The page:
Seasonal energetics of the Hottentot golden mole at 1500m altitude

Michael Scantlebury, M.K. Oosthuizen, J.R. Speakman, C.R. Jackson, N.C. Bennett

Research output: Contribution to journalArticlepeer-review

14 Citations (Scopus)


Winter is an energetically stressful period for small mammals as increasing demands for thermoregulation are often coupled with shortages of food supply. In sub-tropical savannah, Hottentot golden moles (Ambysomus hottentottus longiceps) forage throughout the year and for lone periods of each day. This may enable them to acquire sufficient resources from an insectivorous prey base that is both widely dispersed and energetically costly to obtain. However, they also inhabit much cooler regions; how their energy budgets are managed in these areas is unknown. We measured the daily energy expenditure (DEE), resting metabolic rate (RMR) and water turnover (WTO) of free-living golden moles during both winter and summer at high altitude (1500 m). We used measurements of deuterium dilution to estimate body fat during these two periods. DEE, WTO and body mass did not differ significantly between seasons. However, RMR values were higher during the winter than the summer and, in the latter case were also lower than allometric predictions. Body fat was also higher during the winter. Calculations show that during the winter they may restrict activity to shorter, more intense periods. This, together with an increase in thermal insulation, might enable them to survive the cold. (c) 2005 Elsevier Inc. All rights reserved.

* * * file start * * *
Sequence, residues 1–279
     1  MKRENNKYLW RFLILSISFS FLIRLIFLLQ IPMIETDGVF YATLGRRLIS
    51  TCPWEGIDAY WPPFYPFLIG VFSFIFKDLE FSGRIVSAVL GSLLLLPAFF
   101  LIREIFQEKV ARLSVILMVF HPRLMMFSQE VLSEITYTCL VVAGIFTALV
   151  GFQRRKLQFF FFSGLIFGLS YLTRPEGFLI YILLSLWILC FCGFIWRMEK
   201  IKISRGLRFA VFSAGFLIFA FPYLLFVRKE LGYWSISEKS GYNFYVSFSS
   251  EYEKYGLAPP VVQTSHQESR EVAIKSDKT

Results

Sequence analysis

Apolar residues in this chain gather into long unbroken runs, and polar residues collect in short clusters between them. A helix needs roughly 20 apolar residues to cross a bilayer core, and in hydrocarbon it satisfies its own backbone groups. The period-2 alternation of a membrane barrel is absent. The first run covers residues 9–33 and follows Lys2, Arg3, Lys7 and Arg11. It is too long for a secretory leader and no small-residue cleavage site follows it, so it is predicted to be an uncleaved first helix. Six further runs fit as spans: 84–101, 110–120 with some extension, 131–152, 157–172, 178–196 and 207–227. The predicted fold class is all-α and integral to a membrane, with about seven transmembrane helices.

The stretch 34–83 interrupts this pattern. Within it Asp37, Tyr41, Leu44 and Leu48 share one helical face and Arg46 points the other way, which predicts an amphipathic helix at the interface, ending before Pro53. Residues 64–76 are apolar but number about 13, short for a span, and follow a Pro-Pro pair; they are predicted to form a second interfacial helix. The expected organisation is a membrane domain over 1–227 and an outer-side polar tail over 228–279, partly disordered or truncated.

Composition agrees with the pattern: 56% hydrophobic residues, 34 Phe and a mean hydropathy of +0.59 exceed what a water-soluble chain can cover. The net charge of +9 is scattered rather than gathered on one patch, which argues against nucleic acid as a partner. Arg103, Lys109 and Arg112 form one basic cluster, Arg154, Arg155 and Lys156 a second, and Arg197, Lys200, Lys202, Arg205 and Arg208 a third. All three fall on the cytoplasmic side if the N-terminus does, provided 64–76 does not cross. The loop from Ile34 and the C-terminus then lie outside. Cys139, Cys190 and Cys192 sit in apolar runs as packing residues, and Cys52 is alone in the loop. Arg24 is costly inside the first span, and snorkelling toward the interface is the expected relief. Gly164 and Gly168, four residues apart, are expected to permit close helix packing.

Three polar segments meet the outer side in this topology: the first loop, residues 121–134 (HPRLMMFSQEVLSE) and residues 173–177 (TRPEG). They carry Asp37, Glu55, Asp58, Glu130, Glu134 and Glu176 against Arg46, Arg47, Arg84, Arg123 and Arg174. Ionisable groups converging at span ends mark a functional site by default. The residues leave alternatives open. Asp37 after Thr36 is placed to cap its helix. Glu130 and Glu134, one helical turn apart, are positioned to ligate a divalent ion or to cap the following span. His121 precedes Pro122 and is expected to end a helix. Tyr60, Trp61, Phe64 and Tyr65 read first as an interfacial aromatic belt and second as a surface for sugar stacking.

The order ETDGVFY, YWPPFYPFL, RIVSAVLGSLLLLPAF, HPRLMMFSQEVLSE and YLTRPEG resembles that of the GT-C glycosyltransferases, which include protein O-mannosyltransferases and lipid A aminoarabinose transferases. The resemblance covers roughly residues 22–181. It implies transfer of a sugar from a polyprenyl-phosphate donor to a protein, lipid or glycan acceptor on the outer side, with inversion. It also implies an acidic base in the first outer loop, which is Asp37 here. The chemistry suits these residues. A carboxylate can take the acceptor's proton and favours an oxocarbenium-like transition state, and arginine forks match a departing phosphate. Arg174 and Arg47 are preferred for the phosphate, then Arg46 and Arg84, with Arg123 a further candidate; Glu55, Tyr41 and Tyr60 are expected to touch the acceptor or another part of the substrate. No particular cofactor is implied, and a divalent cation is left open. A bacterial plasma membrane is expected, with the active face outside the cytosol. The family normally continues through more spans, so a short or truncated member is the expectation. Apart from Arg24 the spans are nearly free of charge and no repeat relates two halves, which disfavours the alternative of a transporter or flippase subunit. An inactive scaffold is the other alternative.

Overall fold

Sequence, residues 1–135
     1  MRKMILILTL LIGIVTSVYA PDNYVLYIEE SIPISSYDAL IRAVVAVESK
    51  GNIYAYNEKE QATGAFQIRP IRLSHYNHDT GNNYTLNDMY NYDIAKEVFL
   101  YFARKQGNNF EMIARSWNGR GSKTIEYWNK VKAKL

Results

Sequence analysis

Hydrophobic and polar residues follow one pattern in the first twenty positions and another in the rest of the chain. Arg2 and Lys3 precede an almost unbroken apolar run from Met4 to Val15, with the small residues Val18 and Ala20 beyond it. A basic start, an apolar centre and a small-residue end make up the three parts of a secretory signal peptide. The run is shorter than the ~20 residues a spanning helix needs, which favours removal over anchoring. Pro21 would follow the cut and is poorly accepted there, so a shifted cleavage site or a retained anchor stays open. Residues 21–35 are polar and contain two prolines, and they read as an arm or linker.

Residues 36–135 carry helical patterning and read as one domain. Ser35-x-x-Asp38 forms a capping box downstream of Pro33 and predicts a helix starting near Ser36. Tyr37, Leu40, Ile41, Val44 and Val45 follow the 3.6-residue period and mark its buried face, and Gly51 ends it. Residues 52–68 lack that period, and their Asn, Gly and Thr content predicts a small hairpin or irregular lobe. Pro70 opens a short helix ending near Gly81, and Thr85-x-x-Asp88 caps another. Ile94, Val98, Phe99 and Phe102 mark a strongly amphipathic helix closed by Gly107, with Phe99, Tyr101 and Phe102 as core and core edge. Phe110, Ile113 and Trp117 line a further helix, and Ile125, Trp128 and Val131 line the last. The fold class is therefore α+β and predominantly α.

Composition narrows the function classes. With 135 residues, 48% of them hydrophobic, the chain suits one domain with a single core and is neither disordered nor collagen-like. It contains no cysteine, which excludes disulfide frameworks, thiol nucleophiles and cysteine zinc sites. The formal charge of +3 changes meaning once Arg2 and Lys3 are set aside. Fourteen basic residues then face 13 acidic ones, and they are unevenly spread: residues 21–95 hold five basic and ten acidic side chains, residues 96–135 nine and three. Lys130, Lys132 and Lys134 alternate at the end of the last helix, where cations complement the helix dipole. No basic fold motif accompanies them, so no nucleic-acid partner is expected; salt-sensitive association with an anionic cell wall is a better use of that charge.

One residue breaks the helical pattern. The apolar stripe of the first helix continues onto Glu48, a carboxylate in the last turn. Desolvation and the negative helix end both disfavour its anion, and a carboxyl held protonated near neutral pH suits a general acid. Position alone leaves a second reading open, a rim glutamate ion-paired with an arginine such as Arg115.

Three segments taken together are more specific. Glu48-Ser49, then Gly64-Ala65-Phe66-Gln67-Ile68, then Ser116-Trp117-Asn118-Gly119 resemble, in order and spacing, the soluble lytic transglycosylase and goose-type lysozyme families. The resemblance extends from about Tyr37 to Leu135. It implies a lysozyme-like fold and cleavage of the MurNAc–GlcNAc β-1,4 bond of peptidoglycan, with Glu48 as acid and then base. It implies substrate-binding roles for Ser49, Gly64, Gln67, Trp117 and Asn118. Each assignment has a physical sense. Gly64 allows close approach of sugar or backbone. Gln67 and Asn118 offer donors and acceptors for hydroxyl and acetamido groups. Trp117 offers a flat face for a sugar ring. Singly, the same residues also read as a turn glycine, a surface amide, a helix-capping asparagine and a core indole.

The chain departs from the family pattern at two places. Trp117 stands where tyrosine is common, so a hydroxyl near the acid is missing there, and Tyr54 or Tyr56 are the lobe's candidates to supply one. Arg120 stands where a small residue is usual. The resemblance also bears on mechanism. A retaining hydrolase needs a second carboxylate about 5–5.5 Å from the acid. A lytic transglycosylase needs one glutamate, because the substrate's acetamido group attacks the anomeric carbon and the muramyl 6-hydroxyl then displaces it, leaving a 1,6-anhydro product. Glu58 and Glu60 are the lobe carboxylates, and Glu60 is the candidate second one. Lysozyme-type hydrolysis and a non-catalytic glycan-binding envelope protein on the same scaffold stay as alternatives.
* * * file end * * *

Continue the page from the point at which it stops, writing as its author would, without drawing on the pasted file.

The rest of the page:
Original languageEnglish
Pages (from-to)739-745
Number of pages7
JournalPhysiology & Behavior
Issue number5
Publication statusPublished - 13 Apr 2005

ASJC Scopus subject areas

  • Physiology (medical)
  • Behavioral Neuroscience


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